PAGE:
Though I consider myself pretty much a digital native, when I began this class I had the opinions that may show that in actuality I'm a digital immigrant. I didn't like the ideas of kids using computers all of the time and I still have some of the same worries that my kids won't play outside or know how to hold a conversation face to face. That being said, the thing that has changed the most for me is the realization that my job as an educator is to prepare students for their future, not to condition them to how I think things should be.
Even if I don't believe that all of the intense technological use is in the best personal interest of the students, it is in their best interest if it helps put them at an advantage for their future and gives them access to new ways of learning and information. The reality is that students to love technology, it's how they learn, how they find information, how they relate to one another and how they gain information about the world around them. Even if I think having a pen pal might be more beneficial, or playing a game outside is better than playing computer games, the reality is that having an email pal is probably more beneficial to the learning my students need to find success in the future.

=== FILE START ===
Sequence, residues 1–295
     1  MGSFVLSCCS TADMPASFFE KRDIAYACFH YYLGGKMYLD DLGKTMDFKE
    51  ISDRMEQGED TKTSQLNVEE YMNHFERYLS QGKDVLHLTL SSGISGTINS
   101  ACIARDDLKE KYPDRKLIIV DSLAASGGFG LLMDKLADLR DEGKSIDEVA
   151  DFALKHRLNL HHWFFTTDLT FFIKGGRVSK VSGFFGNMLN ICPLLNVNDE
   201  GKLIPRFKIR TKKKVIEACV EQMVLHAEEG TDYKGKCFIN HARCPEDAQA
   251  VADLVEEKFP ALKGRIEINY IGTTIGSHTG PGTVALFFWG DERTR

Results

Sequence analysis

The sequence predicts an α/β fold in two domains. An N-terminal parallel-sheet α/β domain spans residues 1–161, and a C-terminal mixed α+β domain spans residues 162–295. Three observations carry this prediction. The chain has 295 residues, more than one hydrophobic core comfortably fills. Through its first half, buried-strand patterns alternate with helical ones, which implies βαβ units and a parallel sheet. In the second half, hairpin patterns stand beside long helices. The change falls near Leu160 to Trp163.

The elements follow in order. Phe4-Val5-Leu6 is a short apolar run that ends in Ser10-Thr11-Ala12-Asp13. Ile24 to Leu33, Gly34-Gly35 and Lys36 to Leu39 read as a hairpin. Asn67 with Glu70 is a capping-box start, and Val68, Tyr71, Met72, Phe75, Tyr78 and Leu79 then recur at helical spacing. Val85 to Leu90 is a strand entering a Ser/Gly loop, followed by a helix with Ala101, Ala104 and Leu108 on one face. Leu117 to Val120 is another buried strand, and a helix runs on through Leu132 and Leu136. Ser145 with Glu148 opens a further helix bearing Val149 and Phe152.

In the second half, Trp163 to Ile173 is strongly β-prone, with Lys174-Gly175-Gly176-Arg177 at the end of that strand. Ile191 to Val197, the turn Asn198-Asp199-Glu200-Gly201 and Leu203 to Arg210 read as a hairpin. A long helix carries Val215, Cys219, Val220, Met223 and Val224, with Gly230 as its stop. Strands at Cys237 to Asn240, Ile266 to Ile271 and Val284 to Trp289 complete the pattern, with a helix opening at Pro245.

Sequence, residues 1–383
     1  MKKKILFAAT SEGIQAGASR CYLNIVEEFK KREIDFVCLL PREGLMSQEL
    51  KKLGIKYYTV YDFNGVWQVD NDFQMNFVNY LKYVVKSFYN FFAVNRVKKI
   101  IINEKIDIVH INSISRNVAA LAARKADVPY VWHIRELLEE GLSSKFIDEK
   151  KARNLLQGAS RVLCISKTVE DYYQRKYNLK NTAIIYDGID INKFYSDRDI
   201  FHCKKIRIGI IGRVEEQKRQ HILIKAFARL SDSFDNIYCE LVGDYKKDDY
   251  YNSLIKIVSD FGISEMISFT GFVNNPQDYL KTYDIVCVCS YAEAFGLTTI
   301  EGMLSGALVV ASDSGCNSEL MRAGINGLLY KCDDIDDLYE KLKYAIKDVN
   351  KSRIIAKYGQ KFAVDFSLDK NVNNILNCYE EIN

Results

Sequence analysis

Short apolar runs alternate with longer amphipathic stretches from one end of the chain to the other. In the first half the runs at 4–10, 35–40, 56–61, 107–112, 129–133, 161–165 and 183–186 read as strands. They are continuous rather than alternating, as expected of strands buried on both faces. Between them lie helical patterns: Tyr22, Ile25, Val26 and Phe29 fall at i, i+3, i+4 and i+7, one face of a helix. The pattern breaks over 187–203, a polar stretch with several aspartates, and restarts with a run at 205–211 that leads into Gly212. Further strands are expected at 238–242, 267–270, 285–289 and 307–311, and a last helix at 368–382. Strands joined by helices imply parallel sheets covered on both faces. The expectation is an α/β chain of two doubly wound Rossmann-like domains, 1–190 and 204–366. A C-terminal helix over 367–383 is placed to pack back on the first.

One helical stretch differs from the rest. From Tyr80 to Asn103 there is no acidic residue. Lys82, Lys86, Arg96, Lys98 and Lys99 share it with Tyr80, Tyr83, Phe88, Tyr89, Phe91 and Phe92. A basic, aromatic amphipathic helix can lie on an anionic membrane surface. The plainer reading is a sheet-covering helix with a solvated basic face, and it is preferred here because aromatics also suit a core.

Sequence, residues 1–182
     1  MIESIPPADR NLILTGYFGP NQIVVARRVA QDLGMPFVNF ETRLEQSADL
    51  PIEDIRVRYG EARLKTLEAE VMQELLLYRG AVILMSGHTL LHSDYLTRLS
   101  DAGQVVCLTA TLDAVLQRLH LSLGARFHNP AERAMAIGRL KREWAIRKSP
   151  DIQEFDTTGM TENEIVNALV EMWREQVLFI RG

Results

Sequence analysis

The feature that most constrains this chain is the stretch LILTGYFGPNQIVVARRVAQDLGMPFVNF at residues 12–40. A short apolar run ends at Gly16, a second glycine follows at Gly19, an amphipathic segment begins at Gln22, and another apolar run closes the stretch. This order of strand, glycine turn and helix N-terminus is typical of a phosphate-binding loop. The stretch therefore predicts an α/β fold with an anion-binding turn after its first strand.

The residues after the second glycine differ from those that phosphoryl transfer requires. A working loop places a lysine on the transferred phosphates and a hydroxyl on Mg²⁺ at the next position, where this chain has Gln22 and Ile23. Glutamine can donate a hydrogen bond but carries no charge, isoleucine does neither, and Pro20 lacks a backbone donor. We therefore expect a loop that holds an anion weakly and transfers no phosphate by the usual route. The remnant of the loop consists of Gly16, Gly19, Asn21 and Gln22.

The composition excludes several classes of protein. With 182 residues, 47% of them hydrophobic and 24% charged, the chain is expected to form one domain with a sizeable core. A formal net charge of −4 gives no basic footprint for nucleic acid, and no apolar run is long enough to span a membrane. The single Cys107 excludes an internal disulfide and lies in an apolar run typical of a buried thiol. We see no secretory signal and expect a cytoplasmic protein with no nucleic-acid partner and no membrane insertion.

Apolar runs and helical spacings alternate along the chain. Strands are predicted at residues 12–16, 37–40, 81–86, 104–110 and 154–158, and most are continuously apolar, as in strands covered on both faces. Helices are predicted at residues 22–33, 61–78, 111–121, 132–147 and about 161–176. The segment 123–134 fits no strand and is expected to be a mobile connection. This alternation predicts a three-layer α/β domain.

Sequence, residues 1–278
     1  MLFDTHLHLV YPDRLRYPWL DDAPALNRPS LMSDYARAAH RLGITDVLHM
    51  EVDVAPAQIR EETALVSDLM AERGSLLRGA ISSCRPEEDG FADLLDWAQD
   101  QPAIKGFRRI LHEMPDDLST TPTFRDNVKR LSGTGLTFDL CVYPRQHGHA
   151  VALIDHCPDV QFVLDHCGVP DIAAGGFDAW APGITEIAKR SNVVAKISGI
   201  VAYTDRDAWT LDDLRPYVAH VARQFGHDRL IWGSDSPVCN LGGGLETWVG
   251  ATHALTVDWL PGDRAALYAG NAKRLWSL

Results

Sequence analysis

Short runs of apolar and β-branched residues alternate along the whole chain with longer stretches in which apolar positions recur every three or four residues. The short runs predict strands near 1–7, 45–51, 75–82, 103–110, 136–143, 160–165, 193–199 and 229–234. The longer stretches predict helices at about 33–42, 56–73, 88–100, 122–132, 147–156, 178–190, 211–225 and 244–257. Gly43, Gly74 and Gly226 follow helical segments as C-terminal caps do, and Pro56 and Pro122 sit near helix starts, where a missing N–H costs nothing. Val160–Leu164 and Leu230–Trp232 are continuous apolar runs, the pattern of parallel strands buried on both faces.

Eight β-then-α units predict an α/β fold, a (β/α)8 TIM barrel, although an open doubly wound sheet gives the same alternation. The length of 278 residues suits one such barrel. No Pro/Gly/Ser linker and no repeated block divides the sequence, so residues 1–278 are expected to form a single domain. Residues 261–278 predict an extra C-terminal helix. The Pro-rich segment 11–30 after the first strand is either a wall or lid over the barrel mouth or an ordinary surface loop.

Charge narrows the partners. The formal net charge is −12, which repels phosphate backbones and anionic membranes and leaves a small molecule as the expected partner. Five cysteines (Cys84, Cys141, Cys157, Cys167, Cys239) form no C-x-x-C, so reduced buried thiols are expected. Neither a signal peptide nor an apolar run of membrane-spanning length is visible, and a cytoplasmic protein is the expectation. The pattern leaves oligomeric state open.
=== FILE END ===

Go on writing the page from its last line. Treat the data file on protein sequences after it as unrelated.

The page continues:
This was the biggest shift for me- my job is to prepare students for their future regardless of my beliefs. Just because my childhood wasn't as infiltrated with technology doesn't mean I didn't love playing Oregon Trail or Carmen SanDiego. I'm sure the amount of technology I used was far, far more than my parents may have felt comfortable with but the times were changing and that's what I was being presented with, that's what was culturally relevant, and it put me at a huge advantage to be so technologically competent today and I intend to give my students the same advantage.